Gender mainstreaming as a key strategy for building resilient livelihoods

Gender mainstreaming as a key strategy for building resilient livelihoods
May 2016

The gender dimensions of natural and human-induced disasters

Women and men play specific and complementary roles in agriculture and food and nutrition security, which must be taken into account in efforts to build the resilience of their livelihoods. In most countries, women have less access to productive resources,
services and employment opportunities than men. This gender gap is found for many assets, inputs and services such as land, livestock, labour, education, information services, and technology, all affecting their capacity to protect their communities from
crises. While men account for the majority of direct casualties during wartime, for example, women and children suffer more from displacement, reduced access to services and assistance, and loss of livelihoods. Moreover, the burden of work for women and girls increases during and after disasters. Responsible for securing fuelwood, water and fodder,  they spend increasing time in these activities and are often exposed to heightened protection risks. Addressing the differences between men and women in policies and programmes is essential for building resilient livelihoods for all.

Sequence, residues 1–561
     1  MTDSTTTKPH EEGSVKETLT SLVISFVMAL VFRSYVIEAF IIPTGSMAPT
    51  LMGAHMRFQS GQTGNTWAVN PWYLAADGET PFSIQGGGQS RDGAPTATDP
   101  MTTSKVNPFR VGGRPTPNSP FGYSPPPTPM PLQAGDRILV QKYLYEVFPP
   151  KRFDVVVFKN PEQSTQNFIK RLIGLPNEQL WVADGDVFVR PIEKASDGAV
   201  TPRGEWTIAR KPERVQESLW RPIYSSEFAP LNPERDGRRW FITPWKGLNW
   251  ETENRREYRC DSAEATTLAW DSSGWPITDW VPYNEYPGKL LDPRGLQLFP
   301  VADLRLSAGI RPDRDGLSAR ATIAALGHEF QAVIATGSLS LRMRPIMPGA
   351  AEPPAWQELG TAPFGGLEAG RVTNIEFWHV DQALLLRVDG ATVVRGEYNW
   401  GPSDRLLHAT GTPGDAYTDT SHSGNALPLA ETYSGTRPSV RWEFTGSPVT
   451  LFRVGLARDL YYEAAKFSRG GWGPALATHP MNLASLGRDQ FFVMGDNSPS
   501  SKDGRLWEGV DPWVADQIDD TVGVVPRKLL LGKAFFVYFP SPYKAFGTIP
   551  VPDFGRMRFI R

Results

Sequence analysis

How FAO contributes to empowering women as agents of resilience building

  • By supporting the development of policies and programmes in disaster risk reduction (DRR) that address the specific vulnerabilities of women and men, basedon participatory and gender-sensitive processes.
  • By enhancing women’s access to decision-making at community level throughcollective action (farmer field schools, junior farmer field and life schools, community listeners’ clubs) to strengthen technical skills and raise gender awareness.
  • By disseminating technologies and practices